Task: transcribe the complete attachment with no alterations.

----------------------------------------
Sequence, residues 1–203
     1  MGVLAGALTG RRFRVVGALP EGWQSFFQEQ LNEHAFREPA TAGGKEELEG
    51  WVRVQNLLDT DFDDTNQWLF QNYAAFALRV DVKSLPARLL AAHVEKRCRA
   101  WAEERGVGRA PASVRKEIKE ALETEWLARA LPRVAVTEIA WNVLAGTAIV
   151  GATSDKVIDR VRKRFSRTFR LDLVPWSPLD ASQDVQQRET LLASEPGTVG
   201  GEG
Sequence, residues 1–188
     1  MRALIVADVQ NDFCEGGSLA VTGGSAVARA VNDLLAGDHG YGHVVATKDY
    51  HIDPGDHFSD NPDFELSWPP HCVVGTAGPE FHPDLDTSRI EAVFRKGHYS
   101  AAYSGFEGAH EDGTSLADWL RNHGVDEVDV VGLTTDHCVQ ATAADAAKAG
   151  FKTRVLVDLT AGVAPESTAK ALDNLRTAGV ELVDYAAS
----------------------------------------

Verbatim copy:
Sequence, residues 1–203
     1  MGVLAGALTG RRFRVVGALP EGWQSFFQEQ LNEHAFREPA TAGGKEELEG
    51  WVRVQNLLDT DFDDTNQWLF QNYAAFALRV DVKSLPARLL AAHVEKRCRA
   101  WAEERGVGRA PASVRKEIKE ALETEWLARA LPRVAVTEIA WNVLAGTAIV
   151  GATSDKVIDR VRKRFSRTFR LDLVPWSPLD ASQDVQQRET LLASEPGTVG
   201  GEG
Sequence, residues 1–188
     1  MRALIVADVQ NDFCEGGSLA VTGGSAVARA VNDLLAGDHG YGHVVATKDY
    51  HIDPGDHFSD NPDFELSWPP HCVVGTAGPE FHPDLDTSRI EAVFRKGHYS
   101  AAYSGFEGAH EDGTSLADWL RNHGVDEVDV VGLTTDHCVQ ATAADAAKAG
   151  FKTRVLVDLT AGVAPESTAK ALDNLRTAGV ELVDYAAS